gbells

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I’m really struggling with this (again). One minute I’m red hot and clammy, next minute I’m freezing cold. I’ve tried everything I can think of (fan, wet flannel, layered clothing and bedding) but nothing is working. The excess pain from both extremes of temperature are bad enough (although cold seems to bring more intense pain), but it’s how ill this is making me feel that’s the real frustration.

I am currently mostly bed bound, can not get comfortable, my sleep is horrendous and to be honest, I’m simply not coping. Does anyone know if there are any treatments which may help cope with temperature control?
With Raynaud's disease or Cold interance you just raise body temperature by wearing more layers when you are cold or turn the heat up.
 
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I live my life in layers lol. I think it would be altogether easier to deal with if I was either constantly cold or constantly hot, it's the wild swinging between both extremes which is proving difficult. One of the odd things is that regardless of whether I'm roasting hot or freezing cold, my feet are always like blocks of ice. Wouldn't you think that in all of the decades people have been suffering from M.E. there would be some more answers? I think my GP was onto something in a recent discussion. She commented that it's not an area many doctors want to specialise in, and in her mind, she thinks that's due in part to there being so little research or understanding, and also due to the frustration of it not being an illness that is easily treated. While it's not helpful to us as patients, I do understand how frustrating it must be for doctors not to have answers and finding themselves unable to offer treatments or solutions to all of the various symptoms we pose. I am all too aware that, certainly with my GP, she wants so desperately to be able to offer something, and over the years has been willing to try.
 

Booble

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I've always had freezing cold feet too.

Oddly I've found that staying very well hydrated has helped minimize or eradicate the hot/cold feeling.
 

Wishful

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However, the extreme of temperature swings I am experiencing seem to always correspond with M.E. flare ups.
You're not alone in that. In the early stages of my ME, when I was having ME flare-ups several times a day, my body (at least oral) temperature would abruptly rise at least few tenths, and occasionally up to a full degree C. I usually felt feverish at those times. Sometimes I'd feel feverish but find that my oral temperature was below normal, which is what makes me think that our perceptions involve temperature differentials.

I think we normally perceive only reasonable significant body temperature changes. Since ME seems to mess up neural functions, it seems plausible that the perception neurons are overreacting.

You could search online to see if there are any TCM, ayurvedic, or other remedies listed for exaggerated hot/cold sensations. Surely other people throughout history have suffered that symptom before, and maybe someone noticed that a certain herb, or tea or whatever helped. Those other medical systems may have been better at noticing accidental treatments and recording them. Conventional medicine is too focused on theories, as well as on finding applications for patented drugs, and on profitable markets. Funding for diseases probably correlates strongly with potential market size.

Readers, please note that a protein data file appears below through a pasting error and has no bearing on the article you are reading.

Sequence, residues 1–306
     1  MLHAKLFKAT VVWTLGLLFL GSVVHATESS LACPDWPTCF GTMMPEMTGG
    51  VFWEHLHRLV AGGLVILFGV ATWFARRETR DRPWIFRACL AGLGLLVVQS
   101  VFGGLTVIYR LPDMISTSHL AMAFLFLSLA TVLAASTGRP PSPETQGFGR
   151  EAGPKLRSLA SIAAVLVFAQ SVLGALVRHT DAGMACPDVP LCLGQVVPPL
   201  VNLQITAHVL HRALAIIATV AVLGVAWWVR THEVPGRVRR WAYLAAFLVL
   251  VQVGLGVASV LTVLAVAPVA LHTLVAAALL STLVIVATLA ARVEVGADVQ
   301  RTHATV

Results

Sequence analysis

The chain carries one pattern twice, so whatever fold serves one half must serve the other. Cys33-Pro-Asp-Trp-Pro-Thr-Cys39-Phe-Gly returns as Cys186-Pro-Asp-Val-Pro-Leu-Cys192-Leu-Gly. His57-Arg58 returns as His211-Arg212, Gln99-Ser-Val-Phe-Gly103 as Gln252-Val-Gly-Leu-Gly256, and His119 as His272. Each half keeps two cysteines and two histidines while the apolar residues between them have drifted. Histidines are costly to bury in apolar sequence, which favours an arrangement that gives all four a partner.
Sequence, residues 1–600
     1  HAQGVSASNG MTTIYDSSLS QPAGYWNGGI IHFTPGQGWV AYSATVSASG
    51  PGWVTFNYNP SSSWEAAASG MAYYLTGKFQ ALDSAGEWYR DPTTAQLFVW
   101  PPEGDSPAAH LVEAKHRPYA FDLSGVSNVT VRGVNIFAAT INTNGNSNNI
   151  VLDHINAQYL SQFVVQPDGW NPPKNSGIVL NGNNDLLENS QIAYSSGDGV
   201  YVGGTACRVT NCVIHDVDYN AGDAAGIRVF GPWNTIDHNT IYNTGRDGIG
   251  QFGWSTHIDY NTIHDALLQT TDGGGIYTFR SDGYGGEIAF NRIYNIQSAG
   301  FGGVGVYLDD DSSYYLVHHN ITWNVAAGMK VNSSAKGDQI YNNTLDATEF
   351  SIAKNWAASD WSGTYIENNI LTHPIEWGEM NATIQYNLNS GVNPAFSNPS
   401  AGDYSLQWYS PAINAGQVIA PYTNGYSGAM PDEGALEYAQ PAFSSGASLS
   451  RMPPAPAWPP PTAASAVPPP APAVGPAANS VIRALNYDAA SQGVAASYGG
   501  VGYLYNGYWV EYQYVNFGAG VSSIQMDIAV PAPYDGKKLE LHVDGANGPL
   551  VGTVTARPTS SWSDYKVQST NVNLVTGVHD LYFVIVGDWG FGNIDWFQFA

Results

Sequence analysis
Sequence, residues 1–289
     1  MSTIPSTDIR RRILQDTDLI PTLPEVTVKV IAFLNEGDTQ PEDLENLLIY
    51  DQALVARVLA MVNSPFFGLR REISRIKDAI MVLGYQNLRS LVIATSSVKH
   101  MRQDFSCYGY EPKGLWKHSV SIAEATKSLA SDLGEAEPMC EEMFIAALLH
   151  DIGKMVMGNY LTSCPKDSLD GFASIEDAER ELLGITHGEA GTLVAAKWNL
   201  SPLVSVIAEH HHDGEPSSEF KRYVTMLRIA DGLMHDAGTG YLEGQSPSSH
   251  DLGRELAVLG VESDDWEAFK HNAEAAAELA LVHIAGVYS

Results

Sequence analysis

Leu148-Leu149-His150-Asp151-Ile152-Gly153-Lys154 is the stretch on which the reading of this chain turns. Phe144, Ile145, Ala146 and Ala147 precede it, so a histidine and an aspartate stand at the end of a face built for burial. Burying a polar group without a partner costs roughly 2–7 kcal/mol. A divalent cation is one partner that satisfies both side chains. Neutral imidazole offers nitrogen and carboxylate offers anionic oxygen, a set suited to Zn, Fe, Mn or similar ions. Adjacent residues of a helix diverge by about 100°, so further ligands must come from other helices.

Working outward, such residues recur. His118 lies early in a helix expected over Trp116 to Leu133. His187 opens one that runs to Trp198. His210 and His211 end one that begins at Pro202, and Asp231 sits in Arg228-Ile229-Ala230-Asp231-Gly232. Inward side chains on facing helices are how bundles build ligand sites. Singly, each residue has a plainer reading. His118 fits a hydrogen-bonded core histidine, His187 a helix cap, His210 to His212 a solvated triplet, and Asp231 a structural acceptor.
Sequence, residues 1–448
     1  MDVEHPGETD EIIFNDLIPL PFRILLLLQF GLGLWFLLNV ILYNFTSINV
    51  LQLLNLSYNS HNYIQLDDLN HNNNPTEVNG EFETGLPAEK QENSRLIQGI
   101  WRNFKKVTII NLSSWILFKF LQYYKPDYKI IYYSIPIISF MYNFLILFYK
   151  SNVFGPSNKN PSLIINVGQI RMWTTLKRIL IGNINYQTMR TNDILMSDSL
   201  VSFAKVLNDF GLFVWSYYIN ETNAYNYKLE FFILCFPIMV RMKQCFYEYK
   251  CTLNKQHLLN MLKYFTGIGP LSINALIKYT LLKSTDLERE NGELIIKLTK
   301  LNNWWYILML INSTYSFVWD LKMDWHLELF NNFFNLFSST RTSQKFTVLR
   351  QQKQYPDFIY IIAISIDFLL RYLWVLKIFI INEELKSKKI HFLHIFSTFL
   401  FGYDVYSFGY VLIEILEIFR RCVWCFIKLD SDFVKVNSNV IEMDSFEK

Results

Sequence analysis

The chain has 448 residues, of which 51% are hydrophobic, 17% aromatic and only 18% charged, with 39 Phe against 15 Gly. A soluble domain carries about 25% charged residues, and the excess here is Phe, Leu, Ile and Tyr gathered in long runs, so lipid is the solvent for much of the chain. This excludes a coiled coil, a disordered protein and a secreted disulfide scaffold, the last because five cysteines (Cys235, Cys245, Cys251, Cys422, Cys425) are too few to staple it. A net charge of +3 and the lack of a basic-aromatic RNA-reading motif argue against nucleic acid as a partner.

Another suggestions: experiment with preventive treatments. Instead of trying to treat the feelings after they've occurred, try things before you expect to get a flare-up. If you expect to get chilled while fetching the mail, try soaking your feet in hot water first, or taking a small amount of hot spice. If you expect to overheat while cooking, maybe a cold pack on your head before starting would help. I admit that the chances of discovering something useful are low, it's better than no chance at all. The few things I've discovered in my 19 years of ME have certainly improved my quality of life, so I've very glad to have found them.


While it's not helpful to us as patients, I do understand how frustrating it must be for doctors not to have answers and finding themselves unable to offer treatments or solutions to all of the various symptoms we pose.
That's the feeling I've gotten from several doctors too. Unfortunately, some turn that into anger at the patient. :(
 

kangaSue

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Can be just another issue of autonomic dysfunction (sudomotor dysfunction) which can easily be taken for menopause symptoms. Not uncommon to have these temperature dysregulation issues when you have Small Fiber Neuropathy (or Autonomic Neuropathy).
 

pattismith

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Just perception - core body temp remains around 36.4C. My hands feet are like blocks of ice, so much so others really notice.
Nic,
it looks like a skin sensory/autonomic disorder, with autonomic skin vascular dysregulation.
Do you have tingling sensation when your feet/hands are burning?
Raynaud and Erythromelalgia are two known skin vascular disorders (with autonomic involvement) that are triggered by cold (Raynaud) or heat (erythromelalgia), and they can sometimes exist together.
Too much thyroid hormones, or too little sex hormones can affect the tolerance to heat, so you need to check these two points.
I had both hyperthyroid/thyroiditis + menopause + small fiber neuropathy/erythromelalgia one year ago, and I have similar problems to you.
My thyroid issue is under control, and I take female hormones, but still burn (supine in my layers) or freeze under various circumstances...